I’ve played almost all of them up until the late ’00s. Yet, I never got around to playing Bloodlines, which is actually kind of strange, as I owned a Sega Genesis and rented games for it all the damn time.
This was cool to check out now, though.
This plays just like all the other Castlevania games before it, well… excluding Simon’s Quest, as that one was a breed all its own.
Anyway, this plays a lot like the first and third games for the original Nintendo. You work your way through levels, you fight all sorts of monstrosities and you usually get the shit kicked out of you because Castlevania games tend to be hard as shit, even for those of us who have played them pretty steadily over the course of our lives.
For the most part, this Castlevania game is a lot of fun. I like that you have two characters to choose from but if I’m being honest, just pick the dude with the whip because playing a Castlevania game without a whip is like playing a different game entirely. Unless, you’re Alucard and you can transform into cool shit and have a lightning fast rapier. But this game doesn’t have Alucard as a playable character, so just take the whip dude.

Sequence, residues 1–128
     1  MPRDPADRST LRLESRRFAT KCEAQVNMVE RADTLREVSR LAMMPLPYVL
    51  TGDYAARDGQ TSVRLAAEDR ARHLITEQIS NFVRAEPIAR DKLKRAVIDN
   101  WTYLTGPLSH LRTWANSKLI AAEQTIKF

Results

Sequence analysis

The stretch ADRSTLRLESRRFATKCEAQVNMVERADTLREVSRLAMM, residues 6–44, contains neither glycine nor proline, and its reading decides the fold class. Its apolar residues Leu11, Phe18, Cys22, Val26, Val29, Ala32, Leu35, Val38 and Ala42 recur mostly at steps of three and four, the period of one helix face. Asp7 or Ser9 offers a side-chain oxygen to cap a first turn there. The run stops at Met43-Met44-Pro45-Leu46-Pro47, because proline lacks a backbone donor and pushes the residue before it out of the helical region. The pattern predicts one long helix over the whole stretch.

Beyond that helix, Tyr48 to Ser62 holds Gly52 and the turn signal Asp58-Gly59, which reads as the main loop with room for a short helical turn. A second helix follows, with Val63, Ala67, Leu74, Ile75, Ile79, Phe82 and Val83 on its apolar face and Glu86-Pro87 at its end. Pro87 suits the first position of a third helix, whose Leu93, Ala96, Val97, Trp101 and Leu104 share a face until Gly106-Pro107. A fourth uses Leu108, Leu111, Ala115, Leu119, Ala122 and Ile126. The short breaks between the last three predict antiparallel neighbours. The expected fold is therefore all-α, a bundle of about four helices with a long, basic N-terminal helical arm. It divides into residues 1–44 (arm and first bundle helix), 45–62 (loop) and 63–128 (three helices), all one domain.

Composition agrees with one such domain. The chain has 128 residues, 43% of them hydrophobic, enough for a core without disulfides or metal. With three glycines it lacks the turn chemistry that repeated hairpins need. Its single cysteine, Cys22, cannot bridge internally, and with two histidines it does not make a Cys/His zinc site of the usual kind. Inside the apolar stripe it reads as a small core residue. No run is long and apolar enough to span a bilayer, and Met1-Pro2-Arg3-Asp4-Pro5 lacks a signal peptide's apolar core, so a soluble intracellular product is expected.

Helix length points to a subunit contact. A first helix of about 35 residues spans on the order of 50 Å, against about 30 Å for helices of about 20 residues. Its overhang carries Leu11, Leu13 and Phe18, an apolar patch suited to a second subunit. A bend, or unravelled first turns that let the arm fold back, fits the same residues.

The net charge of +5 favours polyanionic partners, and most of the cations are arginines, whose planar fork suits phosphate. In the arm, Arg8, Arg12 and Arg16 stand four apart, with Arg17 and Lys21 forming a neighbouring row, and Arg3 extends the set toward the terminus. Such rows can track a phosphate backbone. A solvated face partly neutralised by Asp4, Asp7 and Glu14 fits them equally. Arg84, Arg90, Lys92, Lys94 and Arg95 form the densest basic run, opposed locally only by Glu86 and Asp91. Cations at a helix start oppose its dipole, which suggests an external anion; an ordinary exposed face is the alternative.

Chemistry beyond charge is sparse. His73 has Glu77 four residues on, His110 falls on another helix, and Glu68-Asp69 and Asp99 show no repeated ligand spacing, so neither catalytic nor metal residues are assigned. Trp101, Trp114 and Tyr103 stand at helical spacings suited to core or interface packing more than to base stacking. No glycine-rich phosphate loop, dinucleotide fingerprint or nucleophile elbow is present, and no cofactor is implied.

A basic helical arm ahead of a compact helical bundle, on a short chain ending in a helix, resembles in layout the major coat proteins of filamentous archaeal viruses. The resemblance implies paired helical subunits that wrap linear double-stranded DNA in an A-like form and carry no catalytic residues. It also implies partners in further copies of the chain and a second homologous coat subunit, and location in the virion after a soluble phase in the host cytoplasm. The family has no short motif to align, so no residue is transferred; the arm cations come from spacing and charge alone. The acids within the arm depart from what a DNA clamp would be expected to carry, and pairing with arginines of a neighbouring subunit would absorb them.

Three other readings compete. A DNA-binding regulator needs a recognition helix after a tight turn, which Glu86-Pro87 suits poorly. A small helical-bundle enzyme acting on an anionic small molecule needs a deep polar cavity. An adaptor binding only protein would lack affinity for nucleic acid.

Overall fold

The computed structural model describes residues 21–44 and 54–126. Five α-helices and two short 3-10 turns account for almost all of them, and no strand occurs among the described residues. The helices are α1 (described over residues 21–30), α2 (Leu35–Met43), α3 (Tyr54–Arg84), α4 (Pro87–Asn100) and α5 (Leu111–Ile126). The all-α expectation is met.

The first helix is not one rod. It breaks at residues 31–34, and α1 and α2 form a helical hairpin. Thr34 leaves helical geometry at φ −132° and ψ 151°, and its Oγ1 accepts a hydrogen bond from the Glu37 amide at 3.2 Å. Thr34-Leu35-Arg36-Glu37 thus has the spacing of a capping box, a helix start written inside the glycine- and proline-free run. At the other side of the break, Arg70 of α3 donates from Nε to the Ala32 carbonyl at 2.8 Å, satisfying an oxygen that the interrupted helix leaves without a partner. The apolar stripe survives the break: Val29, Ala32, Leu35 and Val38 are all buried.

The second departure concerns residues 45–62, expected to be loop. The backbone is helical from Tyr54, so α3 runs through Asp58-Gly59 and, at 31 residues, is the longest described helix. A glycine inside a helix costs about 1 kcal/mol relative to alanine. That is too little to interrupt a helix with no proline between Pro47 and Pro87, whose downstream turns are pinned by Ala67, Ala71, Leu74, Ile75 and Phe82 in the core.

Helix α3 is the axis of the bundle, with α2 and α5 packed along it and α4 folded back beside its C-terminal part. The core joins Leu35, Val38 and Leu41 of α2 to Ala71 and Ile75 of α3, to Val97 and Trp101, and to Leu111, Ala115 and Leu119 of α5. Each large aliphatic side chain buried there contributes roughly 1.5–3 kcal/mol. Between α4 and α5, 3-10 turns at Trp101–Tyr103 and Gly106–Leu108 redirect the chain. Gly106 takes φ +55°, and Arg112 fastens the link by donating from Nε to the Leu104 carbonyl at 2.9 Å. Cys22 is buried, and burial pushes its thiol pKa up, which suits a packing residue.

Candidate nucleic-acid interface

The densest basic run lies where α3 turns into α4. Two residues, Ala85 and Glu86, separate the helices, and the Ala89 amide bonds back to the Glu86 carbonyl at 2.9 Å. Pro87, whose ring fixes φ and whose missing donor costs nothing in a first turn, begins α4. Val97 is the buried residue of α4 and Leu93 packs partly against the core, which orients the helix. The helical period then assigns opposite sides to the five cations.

This game is also set further into the future and the characters have a lineage to characters of the past. Hence, the name Bloodlines.
Still, the world looks about the same and it doesn’t really matter which century this take place in.
Now I didn’t beat this game. I think I got pretty far but man, this game will crush your ass. I especially had a lot of frustration on the level with the rising water and then having to kill that level’s boss without drowning. That’s the one spot where I really got hung up, lost a lot of lives and blew through too many continues.
Despite my difficulty, this is still a solid game and it was more fun than frustrating.
It has fluid gameplay, looks superb and boasts a great soundtrack.
Rating: 7.25/10 Pairs well with: The original Castlevania trilogy for NES, Super Castlevania IV for SNES, the Gameboy Castlevania games, Castlevania: Rondo of Blood (also known as Dracula X) and Castlevania: Symphony of the Night for the original PlayStation.